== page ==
Home » Woodlands & Montgomery County History

Mt. Zion Cemetery in South Montgomery County, Texas

Submitted by on June 1, 2010 – 12:32 pmNo Comment

Mt. Zion Cemetery may have once been a family cemetery, possibly the Golden family. Several families buried here are interrelated through the Golden families.

Mt. Zion Cemetery, located about a half mile from my house in The Woodlands, is the final resting place for many early residents of southern Montgomery County. The cemetery is located off Rayford Road and is about a mile and a half from present-day I-45 in the south part of Montgomery County. It lies just outside boundaries of The Woodlands. Mt. Zion, in existence for over a century, appears to be the only early cemetery remaining in the immediate area of The Woodlands.

A tour through its undergrowth reveals names on tombstones that are found in the 1910 census in Justice Precinct 6, Montgomery County. Justice Precinct 6, a county designation for voting and tax purposes, was located in the southern-most part of the county and less than a mile from Spring Creek, the rivulet that flows along the southern edge of Montgomery County.

One of the oldest graves in Mt. Zion Cemetery belongs to Confederate Civil War veteran James M. Blackman.

Among the oldest graves found here are those dated from the early 1900s and include Confederate Civil War veterans and landowners in this area along with sawmill employees. John W. Blair, who was a local landowner and farmer, was born January 30, 1869, and died on October 11, 1905, leaving a widow and 10 children ranging in age from 20 to 3. His tombstone is shared with his wife, Mary, who was born January 29, 1870, and died May 31, 1950. A neighbor, James M. Blackman, who served in the Civil War with Co. C, 3 Regiment Texas Cavalry, was born in 1844 in Mississippi and died September 16, 1928. In 1910, he was living in southern Montgomery County in the house of his brother-in-law, Henry Hartounze, who was born in Germany and became a naturalized American citizen in 1869. Both were farmers.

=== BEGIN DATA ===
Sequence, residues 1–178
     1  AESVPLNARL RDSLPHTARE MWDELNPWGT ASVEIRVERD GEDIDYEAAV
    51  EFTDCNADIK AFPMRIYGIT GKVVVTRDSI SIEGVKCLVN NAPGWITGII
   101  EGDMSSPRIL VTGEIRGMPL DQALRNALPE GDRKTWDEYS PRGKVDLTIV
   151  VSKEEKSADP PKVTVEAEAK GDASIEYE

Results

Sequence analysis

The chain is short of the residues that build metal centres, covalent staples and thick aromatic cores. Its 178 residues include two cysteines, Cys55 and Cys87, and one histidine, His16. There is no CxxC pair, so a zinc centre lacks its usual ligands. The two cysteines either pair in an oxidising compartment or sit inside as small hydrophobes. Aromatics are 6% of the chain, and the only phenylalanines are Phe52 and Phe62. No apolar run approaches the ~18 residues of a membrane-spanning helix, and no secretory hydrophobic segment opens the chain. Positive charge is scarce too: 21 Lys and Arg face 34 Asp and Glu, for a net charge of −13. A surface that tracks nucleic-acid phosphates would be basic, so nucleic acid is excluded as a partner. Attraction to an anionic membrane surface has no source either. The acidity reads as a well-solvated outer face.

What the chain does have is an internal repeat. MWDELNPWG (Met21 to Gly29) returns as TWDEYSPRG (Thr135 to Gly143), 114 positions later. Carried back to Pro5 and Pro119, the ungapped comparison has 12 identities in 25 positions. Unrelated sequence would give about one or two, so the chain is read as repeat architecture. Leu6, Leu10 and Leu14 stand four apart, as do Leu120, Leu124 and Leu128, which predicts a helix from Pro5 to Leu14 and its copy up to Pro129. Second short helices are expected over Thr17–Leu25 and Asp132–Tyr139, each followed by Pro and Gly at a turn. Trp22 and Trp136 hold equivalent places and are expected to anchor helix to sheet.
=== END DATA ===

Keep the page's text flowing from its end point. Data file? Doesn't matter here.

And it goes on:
Living next door to James M. Blackman was Ben F. Woodson who was a 17-year-old farmer and the oldest son of his widowed mother, Tennie W. Woodson. The Riley Fussell family who lived near the Woodsons had a son Robert who is buried in Mt. Zion Cemetery. Several children are buried here, including Delia McCleskey who died at less than a year of age in 1907. She is buried alongside her brother, Roy D., who died in 1912, both children of H. H. and Jessie McCleskey.

The latest burial found in this in cemetery was in 2000 and was that of Leura Gladys Golden Chapin, wife of Arthur Worth Chapin. Leura Chapin was the daughter of George and Birtie Golden who lived near Spring Creek in southern Montgomery County.

The history of Mt. Zion cemetery is obscure. It may have once been a family cemetery, possibly the Golden family, that became a community cemetery for those who lived in this area. There are several families buried here that are interrelated through the Golden families. It is unclear how large the cemetery actually was, but there are many unidentified graves. Among those names found on the old tombstones are Calahan, Bonin, Woodward, Golden, Budde, Davis, Blackman, Polaski, Chapin, Bullard, Sell, Cheatham, Fussell, Miller, Rayford, Blair, Woodson, Guerrero, and Harper.

Back When Sponsored by


Comments are closed.